The indictment of those suspected of masterminding Kenya’s post-election violence came closer yesterday when the International Criminal Court said it intended to pursue charges.
ICC prosecutor Luis Moreno-Ocampo said he wanted a three-pronged approach: an ICC prosecution of the worst offenders, a special tribunal set up by Kenya’s parliament for other perpetrators and a Truth and Reconciliation Commission to look at the underlying causes of the violence.
“Kenya will be a world example on managing violence,” Moreno-Ocampo said in a statement. His office said “decisive consultations” with the principal officials in Kenya would take place in the coming weeks.
The violence in Kenya last year after a disputed presidential election killed at least 1300 people and uprooted more than 300 000 in east Africa’s biggest economy.
Kenya pledged to deal with the masterminds itself, but numerous attempts to kick-start the process have floundered and the government has committed itself to referring the case to the ICC prosecutor if it fails.
A bill to set up a special court to prosecute the main perpetrators was defeated in parliament and Kenyans are sceptical that powerful individuals will be arrested and charged because of widespread impunity among the political class.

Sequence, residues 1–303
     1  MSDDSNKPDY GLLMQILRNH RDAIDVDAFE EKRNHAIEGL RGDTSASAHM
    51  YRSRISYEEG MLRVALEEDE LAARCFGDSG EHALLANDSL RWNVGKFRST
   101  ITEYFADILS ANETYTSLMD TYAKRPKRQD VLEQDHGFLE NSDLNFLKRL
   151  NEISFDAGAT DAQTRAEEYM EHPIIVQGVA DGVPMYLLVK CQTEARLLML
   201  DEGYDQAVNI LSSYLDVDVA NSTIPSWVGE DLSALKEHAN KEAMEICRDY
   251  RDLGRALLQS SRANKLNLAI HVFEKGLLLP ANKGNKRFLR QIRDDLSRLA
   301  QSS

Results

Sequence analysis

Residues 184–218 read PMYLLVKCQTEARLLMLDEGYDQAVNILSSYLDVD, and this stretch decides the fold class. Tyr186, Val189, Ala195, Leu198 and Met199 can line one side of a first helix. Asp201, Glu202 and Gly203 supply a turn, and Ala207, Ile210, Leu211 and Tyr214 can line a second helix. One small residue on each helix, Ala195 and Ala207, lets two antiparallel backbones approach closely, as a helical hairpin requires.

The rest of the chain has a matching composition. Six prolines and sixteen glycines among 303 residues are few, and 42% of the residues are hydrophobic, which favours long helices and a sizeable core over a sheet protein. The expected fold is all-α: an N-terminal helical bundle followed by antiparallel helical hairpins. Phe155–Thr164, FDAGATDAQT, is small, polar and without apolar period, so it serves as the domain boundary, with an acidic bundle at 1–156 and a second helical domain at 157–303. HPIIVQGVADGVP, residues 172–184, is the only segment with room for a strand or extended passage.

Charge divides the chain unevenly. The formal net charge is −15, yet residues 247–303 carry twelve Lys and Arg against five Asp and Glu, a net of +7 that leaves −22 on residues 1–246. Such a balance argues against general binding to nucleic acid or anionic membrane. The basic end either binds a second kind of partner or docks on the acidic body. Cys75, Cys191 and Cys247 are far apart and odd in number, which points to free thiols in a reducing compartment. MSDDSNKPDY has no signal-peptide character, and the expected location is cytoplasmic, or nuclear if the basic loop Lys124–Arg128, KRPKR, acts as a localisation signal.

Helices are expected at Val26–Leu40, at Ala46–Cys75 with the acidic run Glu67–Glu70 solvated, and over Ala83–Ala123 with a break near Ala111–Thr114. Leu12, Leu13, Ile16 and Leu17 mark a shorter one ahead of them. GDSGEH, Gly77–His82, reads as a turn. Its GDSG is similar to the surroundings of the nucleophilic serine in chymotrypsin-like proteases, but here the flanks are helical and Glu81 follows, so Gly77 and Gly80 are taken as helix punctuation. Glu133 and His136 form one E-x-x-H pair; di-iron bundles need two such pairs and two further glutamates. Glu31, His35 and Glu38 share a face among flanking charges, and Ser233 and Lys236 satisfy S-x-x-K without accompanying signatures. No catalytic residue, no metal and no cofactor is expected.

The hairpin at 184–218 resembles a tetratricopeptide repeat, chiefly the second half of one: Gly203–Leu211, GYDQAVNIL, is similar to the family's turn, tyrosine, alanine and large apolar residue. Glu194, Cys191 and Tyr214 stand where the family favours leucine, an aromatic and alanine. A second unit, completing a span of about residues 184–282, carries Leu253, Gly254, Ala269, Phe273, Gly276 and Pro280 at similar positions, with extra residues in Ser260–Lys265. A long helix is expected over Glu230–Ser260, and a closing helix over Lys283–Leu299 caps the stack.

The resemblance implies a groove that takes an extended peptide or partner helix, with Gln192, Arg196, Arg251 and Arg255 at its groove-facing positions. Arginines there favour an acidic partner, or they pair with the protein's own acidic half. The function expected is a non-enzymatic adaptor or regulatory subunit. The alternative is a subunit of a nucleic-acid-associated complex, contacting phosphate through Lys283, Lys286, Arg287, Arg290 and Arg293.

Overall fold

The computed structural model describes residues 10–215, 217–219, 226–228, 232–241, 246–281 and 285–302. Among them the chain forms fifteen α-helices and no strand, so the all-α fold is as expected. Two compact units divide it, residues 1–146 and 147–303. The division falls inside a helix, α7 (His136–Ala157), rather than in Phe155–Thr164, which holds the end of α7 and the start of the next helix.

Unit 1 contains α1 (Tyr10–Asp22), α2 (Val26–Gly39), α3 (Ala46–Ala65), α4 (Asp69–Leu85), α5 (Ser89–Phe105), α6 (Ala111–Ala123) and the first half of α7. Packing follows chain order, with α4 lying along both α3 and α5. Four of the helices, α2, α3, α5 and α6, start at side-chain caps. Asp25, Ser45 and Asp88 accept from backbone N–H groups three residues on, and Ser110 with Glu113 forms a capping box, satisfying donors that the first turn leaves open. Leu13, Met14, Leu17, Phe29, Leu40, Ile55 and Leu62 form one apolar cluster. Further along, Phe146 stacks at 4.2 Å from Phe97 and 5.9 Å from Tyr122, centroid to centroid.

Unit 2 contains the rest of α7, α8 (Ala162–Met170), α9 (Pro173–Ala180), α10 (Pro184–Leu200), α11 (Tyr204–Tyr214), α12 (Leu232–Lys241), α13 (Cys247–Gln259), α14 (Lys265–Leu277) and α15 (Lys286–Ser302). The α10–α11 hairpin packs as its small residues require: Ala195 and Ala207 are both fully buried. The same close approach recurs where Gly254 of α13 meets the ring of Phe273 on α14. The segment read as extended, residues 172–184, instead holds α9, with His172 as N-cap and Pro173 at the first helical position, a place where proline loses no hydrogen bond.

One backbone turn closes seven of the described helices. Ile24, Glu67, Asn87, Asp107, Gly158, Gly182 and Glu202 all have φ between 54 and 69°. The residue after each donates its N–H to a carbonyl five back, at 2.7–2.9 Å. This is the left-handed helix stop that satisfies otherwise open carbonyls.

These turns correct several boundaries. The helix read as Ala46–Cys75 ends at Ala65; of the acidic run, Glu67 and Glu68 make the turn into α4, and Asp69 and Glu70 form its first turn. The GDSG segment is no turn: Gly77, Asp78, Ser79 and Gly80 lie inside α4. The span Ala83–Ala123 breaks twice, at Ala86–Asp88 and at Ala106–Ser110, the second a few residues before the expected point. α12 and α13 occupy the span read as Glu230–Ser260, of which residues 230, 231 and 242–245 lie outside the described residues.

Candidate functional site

“There is no question, there is no doubt, that the next stage is the indictment of the suspects. Moreno-Ocampo has now finally set the record straight,” Gitobu Imanyara, the Kenyan parliamentarian who is sponsoring a second bill to establish a local court, told Reuters.
Crisis mediator Kofi Annan handed over a sealed envelope in July to Moreno-Ocampo containing the names of 10 suspects, causing panic in Kenya’s political sphere. The list is believed to include a number of influential cabinet ministers.
Western donor nations have been pushing for action by the government and believe making examples of key political heavyweights may help avoid a repeat of the violence at the next election due in 2012.
“Whichever way you look at it, the process is moving. It’s moving and it’s moving much faster than most people realise,” said Robert Shaw, a Nairobi-based political analyst.
“I still think that the major perpetrators face a serious risk of going to The Hague whether it’s two, three or four of them rather than it being done by a local tribunal, or a tribunal in a neighbouring country,” he said.
Analysts said that indicting the suspected masterminds could rip Kenya’s fragile coalition government apart, at a time when donor nations were pushing for its feuding politicians to work together.
“Those who are saying they want justice and an end to impunity, they also say, make the grand coalition work. You can’t have it both ways,” said a political analyst in Nairobi.
Imanyara said he expected the ICC to start naming suspects soon and the coalition government needed to come clean on how it planned to deal with the situation.
“My only request is for President (Mwai) Kibaki to come out publicly and state where his government stands on this. Does he or does he not support impunity?” he said.
“There cannot be any basis for supporting a grand coalition that perpetuates the culture of impunity.